United States

Ninth Circuit denies Foreign Earned Income Exclusion

TAX ALERT  | 

In a recent unpublished opinion, see Thompson v. Comm., the Ninth Circuit Court of Appeals affirmed the Tax Court’s decision to uphold IRS deficiency determinations for a couple that failed to prove they were entitled to a foreign earned income exclusion for the years at issue. Most notably the Ninth Circuit, in affirming the Tax Court’s decision, agreed that a prior allowance of the exclusion by the IRS or a failure by the IRS to provide a clear explanation as to the change in position regarding the exclusion did not provide the taxpayers with a basis for relief.

In this case, the taxpayers, a husband and wife, filed a joint tax return for the tax years at issue. During that time the husband worked overseas as a government contractor in support of the United States efforts in Iraq and Afghanistan for varying amounts of time. During that same time the wife continued to live in and maintain their residence in California. The issue in this case was whether the taxpayers were entitled to exclude their foreign earned income for the tax years at issue.

Generally, the U.S. taxes its citizens on all income – including income earned outside of the U.S. – unless a specific exclusion applies. One such exclusion to this general rule of worldwide taxation relates to foreign earned income. Specifically, qualified individuals may elect to exclude “foreign earned income” – income attributable to services earned by a U.S. individual in a foreign country – from their U.S. source gross income. In order for an individual to qualify to elect to exclude their foreign earned income, that person must maintain a home in the foreign country and, either have a bona fide residency in the foreign country for the entire taxable year or be present in the country for 330 full days in a 12 month period.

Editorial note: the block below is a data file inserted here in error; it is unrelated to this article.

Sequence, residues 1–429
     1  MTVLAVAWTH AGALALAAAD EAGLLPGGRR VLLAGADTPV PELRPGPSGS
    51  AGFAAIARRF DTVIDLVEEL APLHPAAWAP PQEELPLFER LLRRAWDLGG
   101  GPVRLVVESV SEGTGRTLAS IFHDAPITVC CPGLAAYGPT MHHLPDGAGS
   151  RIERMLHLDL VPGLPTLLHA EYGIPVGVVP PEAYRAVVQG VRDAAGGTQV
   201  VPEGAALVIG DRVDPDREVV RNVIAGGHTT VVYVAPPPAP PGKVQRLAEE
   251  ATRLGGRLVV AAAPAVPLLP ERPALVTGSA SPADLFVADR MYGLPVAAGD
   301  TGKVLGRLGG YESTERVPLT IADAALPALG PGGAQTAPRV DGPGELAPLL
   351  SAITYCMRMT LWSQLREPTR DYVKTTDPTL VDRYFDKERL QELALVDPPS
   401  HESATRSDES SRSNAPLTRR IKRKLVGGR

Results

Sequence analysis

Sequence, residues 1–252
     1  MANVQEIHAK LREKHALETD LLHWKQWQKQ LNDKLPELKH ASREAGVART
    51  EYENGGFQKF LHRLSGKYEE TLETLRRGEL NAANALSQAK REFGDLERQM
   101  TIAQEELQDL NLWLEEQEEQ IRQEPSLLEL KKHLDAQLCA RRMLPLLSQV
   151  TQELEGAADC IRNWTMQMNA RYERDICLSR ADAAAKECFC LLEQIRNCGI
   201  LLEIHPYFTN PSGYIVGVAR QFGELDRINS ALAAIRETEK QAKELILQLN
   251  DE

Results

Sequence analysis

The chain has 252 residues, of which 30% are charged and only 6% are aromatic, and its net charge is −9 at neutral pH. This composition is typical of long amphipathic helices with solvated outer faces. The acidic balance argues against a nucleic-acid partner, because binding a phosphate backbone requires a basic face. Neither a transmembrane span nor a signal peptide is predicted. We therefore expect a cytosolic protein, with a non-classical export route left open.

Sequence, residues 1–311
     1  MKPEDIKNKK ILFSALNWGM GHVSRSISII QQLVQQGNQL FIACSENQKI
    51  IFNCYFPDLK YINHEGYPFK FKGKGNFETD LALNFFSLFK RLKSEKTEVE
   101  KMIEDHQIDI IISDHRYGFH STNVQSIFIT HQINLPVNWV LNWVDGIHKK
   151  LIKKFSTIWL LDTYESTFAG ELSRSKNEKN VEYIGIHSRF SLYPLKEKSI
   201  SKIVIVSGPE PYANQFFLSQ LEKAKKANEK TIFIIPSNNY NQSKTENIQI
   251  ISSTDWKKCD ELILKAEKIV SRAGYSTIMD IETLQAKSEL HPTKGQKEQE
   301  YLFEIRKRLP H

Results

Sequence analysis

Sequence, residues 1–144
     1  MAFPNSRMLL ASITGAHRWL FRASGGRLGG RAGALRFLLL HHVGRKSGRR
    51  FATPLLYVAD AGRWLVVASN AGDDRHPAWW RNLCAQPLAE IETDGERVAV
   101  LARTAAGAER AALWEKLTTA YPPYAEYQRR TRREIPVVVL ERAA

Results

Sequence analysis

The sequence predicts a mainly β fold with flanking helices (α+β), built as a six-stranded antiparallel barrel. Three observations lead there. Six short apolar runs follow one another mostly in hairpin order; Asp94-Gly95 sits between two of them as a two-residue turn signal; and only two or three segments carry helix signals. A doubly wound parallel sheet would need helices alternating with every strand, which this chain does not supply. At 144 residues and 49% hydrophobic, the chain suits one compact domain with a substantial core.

In this case the taxpayers failed to prove they met any of the statutory requirements entitling them to a foreign earned income exclusion. Specifically, the taxpayers did not maintain a home in either of the foreign countries (Iraq or Afghanistan) nor were they bona fide residents of the foreign countries, and failed to meet the 330 day physical presence test for any of the years in question.

However, the taxpayers went on to argue that, had the IRS disallowed the exclusion for the first year they claimed it, they would not have gone on to claim an exclusion for the remaining years at issue. While the Tax Court believed the taxpayers would not have claimed an exclusion had it been originally disallowed, the court ruled – and the Ninth Circuit agreed – that the acceptance or acquiescence by the IRS of returns filed in previous years provides the taxpayers with no basis for relief. Accordingly, the Court denied the taxpayers their claim to an earned income exclusion and upheld the IRS deficiency determinations.

While the outcome of this case does not surprise, the case provides a stark reminder to taxpayers that a tax position must be based on the merits of the position, and not on factors such as prior allowance by the IRS.

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